When you’re a custom bike builder in countries like the UK or USA, the competition might be stiff but there are also endless opportunities to show off your wares to an adoring public. Monthly big bike shows, well-known hangouts, an established media presence, and even the chance to partner up with other builders and major companies. But many smaller nations only have a handful plying the trade and to make a splash on the global scene means you really must be doing extraordinary things. Based in Sofia, Bulgaria, Tossa R falls easily under that banner and has been releasing epic new bikes in rapid-fire succession. Now they’re back with their latest build, a tough as nails Yamaha TR1 that adds a little brutality to the cafe racer cause.
The man behind the brand is Asen Zahariev, at first many assumed him to be a BMW specialist and there is no doubt his Bavarian bikes are absolutely brilliant. But then he came out swinging with a pair of Honda CXs, a 500 and a 650, both of which lit up the internet like a young Mike Tyson in the first round. His prolific nature also meant that among the many bikes to roll out of the workshop was also a Yamaha XV750, many might have missed it but the faithful XV crowd definitely didn’t. So, to do with the XV/TR1 platform what he did with the CX, Mr Zahariev decided it was time to turn things up a notch and get the whole world watching once again.
With fans of his work making orders from around the globe, this particular bike was built for a customer in Germany. And like so many of the Tossa R creations, the brief called for a cafe racer with a touch of mean. To achieve this goal, a stock TR1 was acquired, and the headstock bearings changed to allow for the fitting of a full front end from an MV Agusta Brutale. Everything about it is big, from the huge stanchions to the beefy three bolt lower triple clamp and an axle that is of car-like diameter. The MV also donates the excellent stopping power of its Brembo brake calipers and wave pattern discs.
Fans of the Italian marque will also recognise the front wheel as coming from a Brutale and it’s been finished in the same flat black paint as much of the rest of the bike. That includes the smoothed-out frame and the swingarm and all of the engine bracketing. To keep the standard rear hub in the rear and not have a rim that looked tiny compared to the front end, Asen converted the wheel to a moon disc like finish and coated it in black. The rear hub has been completely rebuilt to provide good braking performance and the rear shock is a fully adjustable YSS unit, that allows both ends to be dialled in.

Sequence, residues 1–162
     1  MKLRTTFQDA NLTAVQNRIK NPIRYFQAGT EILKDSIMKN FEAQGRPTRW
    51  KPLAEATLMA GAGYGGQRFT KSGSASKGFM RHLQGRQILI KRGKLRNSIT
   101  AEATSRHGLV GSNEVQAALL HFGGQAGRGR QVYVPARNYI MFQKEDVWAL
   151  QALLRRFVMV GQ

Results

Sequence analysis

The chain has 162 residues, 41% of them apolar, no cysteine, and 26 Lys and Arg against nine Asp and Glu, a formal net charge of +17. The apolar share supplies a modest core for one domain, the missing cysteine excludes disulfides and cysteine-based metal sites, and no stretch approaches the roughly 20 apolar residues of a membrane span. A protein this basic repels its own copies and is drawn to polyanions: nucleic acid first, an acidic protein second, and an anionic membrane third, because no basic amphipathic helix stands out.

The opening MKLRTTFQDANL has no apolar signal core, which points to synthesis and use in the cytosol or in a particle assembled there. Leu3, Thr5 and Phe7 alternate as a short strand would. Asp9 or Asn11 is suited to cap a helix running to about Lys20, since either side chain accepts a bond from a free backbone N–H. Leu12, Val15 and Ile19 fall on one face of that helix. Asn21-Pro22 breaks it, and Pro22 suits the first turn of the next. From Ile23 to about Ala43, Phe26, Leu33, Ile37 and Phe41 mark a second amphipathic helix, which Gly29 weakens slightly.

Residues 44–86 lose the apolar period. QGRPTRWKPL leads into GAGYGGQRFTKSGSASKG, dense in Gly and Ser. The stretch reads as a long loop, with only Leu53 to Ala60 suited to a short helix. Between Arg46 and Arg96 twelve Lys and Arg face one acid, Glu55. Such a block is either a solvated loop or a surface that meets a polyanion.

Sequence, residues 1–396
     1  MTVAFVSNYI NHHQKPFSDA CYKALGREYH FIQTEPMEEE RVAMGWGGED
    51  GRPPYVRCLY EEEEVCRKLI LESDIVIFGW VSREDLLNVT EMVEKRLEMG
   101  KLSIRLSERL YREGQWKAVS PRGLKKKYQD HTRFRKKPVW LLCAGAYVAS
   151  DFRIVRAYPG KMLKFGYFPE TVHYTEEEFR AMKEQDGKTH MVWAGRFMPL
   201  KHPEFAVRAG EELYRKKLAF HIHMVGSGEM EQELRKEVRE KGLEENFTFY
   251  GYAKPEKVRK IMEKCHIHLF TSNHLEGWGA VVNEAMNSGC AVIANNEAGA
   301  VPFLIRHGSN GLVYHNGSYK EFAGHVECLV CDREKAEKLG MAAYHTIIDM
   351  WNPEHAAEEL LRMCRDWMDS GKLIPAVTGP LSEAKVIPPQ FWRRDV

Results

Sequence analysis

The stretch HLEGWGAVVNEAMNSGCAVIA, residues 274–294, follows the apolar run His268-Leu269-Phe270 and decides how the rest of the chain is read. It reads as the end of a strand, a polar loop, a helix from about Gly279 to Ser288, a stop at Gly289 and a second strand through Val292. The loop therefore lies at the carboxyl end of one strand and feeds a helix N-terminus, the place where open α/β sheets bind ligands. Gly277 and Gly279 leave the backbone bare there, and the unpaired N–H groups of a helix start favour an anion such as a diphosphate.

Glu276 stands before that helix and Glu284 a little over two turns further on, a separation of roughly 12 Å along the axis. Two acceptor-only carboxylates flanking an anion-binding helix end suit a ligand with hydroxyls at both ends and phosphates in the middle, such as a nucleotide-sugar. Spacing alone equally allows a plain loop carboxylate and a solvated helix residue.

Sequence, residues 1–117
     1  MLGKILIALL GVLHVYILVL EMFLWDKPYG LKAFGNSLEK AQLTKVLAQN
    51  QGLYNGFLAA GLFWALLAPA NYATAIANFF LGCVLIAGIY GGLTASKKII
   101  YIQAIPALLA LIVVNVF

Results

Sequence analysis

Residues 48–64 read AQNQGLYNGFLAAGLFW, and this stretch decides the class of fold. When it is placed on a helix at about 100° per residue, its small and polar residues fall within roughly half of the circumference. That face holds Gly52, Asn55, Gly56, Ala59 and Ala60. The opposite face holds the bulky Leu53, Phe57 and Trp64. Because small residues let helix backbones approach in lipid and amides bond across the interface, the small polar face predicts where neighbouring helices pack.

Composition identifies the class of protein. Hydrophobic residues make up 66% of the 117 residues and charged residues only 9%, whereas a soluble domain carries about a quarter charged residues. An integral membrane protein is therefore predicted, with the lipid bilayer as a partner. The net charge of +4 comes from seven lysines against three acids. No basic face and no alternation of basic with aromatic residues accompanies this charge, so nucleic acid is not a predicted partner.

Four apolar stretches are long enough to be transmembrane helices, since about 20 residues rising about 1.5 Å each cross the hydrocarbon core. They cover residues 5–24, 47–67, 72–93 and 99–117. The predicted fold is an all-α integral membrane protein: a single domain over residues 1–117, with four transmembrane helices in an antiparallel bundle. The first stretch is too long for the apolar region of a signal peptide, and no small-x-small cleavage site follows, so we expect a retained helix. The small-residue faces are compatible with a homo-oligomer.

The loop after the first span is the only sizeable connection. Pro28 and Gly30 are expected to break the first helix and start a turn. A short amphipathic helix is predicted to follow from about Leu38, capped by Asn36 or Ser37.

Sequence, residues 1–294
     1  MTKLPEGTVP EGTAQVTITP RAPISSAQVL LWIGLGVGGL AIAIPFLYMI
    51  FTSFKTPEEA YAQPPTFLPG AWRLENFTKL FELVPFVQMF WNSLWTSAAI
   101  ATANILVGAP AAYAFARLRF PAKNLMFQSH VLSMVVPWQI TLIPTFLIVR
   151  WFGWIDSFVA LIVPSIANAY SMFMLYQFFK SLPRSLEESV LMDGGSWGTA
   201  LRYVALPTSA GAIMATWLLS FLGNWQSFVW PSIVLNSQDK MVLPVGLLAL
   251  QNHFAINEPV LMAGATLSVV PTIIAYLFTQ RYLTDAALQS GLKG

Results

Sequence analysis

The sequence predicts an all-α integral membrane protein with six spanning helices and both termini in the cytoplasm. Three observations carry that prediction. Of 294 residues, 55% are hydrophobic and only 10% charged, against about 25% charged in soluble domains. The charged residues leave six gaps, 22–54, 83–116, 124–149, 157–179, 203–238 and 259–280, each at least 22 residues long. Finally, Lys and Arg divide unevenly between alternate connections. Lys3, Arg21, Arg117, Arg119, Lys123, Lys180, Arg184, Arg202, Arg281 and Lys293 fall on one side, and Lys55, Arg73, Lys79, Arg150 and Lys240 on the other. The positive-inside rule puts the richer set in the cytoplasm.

When it comes to the looks, there is definitely a Tossa R style and aesthetic and that is exactly what the customer was after, and Asen was more than happy to oblige. One thing that has made his previous bikes stand out is the big beefy tank with a small seat look and this bike would be no different. The TR1 tank therefore wouldn’t work, nor would the usual swaps fit the bill, so going back to what he knows, Asen cut out the top skin from a CX500 fuel tank. Clearly from one of the later model bikes, the squared off edges have been reworked to create a style all of its own, that also has the built-in clearance for the new bars.
The underside is then built from scratch and has to accommodate the pressed steel frame and the all-new mounting locations. The rear of which is incorporated into the front of the new subframe, and if the tank is about bulk, this is minimalism personified. Cut from steel, the two pieces rise up and meet an all-new seat base that forms the bulk of the frame itself. Then it was out with more of that flat black paint and this is also then flowed onto the front of the tank. Picasso Moto Design was in charge of this process and added a fork matching gold, red pinstripe, and custom Yamaha logos.
With the bike out for paint the engine could be given the once over and the fresh heat coating that is matched to file finished fins, really makes the V-Twin engine pop. The standard frame fed intake remains, with an all-new filter pocking out of the side, and the fuelling gets a big upgrade for more power and superior throttle response thanks to a set of Mikuni carbs that have been dialled in for the job. The jets on these had to be bigger to allow for the extra fuelling requirements that come with such a free flowing exhaust, and the full stainless system is a standout feature of the build; hugging the engine tightly before spitting the gases out of twin turned out end pipes.
With the machine being pieced back together, an all-new wiring loom was laid out and the fresh battery sits in a custom box. The rest of the kit is almost exclusively Motogadget, their m.unit control centre keeps things simple and additions like the bar end indicators and LED flush fit headlight keep the whole bike looking clean as can be. A Motogadget speedo mounts perfectly to the top clamp and to give the rider a sporty position, custom footpegs and mounts were fabricated.
The build is finished out with that trick looking Oldman custom leather seat and here function has to take one for the team in favour of form. But it really does work, and there is no denying the presence and impact that a Tossa R machine makes; whether standing still or speeding through the backstreets.